Iraq's flood of 'cheap oil' could rock world markets

The U.S. is not the only nation experiencing a renaissance in oil production. Sidelined for two decades by war, sanctions and political instability, Iraq passed a critical milestone last year by producing 3 million barrels a day of crude oil for the first time since 1990, before the Persian Gulf War, reaching 3.4 million barrels a day by December. Published February 3, 2013

**FILE** Cargo ships are unloaded in December at the Port of Los Angeles. (Associated Press)

GDP reverses course into negative territory

U.S. economic growth unexpectedly ground to a halt at the end of last year, falling from a healthy 3.1 percent gain in the summer to a 0.1 percent contraction in the final quarter, the Commerce Department reported Wednesday. Published January 30, 2013

**FILE** A couple descend an escalator while shopping at an H&M store in Atlanta on Dec. 12, 2012. (Associated Press)

Payroll tax saps consumer outlook

It was the tax cut that nobody noticed two years ago. And it was rarely mentioned in the fight between Congress and the White House last year over the expiring Bush-era tax cuts. But this month, the payroll-tax cut suddenly registered on everybody's radar screen — when it went away. Published January 29, 2013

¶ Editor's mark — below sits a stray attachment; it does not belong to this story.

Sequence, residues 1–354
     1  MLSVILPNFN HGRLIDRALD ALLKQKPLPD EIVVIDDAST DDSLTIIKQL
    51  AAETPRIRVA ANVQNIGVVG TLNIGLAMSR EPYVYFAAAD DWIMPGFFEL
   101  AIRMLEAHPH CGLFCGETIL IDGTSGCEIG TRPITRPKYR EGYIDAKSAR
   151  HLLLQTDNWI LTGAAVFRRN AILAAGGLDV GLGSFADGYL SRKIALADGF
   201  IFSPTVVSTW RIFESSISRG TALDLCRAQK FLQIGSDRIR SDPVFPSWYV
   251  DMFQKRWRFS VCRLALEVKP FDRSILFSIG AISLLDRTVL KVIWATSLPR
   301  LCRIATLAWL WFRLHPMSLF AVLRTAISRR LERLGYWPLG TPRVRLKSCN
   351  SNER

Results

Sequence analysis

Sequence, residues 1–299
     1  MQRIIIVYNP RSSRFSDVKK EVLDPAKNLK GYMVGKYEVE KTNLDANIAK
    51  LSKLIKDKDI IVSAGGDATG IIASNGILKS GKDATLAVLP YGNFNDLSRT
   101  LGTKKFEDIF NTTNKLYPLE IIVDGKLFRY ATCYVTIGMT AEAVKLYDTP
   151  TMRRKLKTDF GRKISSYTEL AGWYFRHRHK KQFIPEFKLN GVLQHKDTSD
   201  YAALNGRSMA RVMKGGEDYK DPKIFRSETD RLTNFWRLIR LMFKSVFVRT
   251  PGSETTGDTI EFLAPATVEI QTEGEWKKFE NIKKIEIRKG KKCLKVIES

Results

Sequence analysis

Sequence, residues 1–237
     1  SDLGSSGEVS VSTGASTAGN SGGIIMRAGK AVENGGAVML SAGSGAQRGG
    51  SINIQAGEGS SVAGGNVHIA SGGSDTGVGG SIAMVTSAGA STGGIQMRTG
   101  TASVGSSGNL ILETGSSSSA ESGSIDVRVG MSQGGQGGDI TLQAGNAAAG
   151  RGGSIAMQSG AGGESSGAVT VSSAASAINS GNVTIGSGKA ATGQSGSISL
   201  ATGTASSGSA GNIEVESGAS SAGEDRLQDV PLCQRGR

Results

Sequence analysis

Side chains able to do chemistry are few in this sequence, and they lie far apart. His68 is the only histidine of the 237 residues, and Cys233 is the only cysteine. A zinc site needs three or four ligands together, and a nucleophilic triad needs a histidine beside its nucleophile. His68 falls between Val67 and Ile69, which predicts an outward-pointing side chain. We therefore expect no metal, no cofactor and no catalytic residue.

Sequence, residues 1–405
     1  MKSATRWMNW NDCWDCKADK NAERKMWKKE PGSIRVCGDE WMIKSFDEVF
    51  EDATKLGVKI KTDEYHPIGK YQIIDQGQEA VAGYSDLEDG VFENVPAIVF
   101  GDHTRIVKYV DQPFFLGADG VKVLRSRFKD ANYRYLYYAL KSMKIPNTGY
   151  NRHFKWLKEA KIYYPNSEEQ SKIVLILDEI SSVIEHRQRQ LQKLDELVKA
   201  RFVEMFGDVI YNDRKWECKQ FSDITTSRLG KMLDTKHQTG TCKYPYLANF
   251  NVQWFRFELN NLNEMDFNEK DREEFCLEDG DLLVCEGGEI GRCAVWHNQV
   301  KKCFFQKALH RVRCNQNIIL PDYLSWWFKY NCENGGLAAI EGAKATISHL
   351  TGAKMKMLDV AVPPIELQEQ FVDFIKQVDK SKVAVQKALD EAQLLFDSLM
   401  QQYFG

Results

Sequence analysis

Consumer Financial Protection Bureau Director Richard Cordray said an effort was made to hit a balance between the abuses that once made mortgages too easy to get and overly strict standards that hampered borrowers with good credit. (Associated Press)

Lenders feeling at home with new regulations on mortgages

Banks and other lenders gave a strong initial review to new rules released by the Obama administration Thursday that protect them from frivolous lawsuits if they follow strict standards for making mortgages that ensure borrowers have the ability to repay. Published January 10, 2013

The New York headquarters of ratings agency Standard & Poor's is pictured in 2011. (Associated Press)

With U.S. fiscal problems unresolved, treasured AAA rating may fall off cliff

The United States looks increasingly likely to lose its gold-plated AAA credit rating in the next few months amid warnings by Wall Street rating agencies that last week's $650 billion "fiscal cliff" deal did not go far enough to reduce $1 trillion deficits and stabilize the debt. Published January 7, 2013

**FILE** A "help wanted" sign is posted on the front window of a clothing boutique in Los Angeles on Dec. 7, 2012. (Associated Press)

Unemployment steady at 7.8 percent in December

The economy continued to grow steadily last month despite Washington's impasse over the fiscal cliff, with unemployment staying at a four-year low of 7.8 percent as businesses created another 155,000 jobs, the Labor Department reported Friday morning. Published January 4, 2013

A trader works on the floor at the New York Stock Exchange in New York on Jan. 2, 2013. (Associated Press)

Stocks surge with ‘fiscal cliff’ averted

Wall Street on Wednesday celebrated Congress' vote to prevent sharp tax increases from hitting the economy and causing a recession this year, with the Dow Jones industrial average surging by 308 points. But economic gurus warned that the deal falls short of solving the nation's huge debt problems. Published January 2, 2013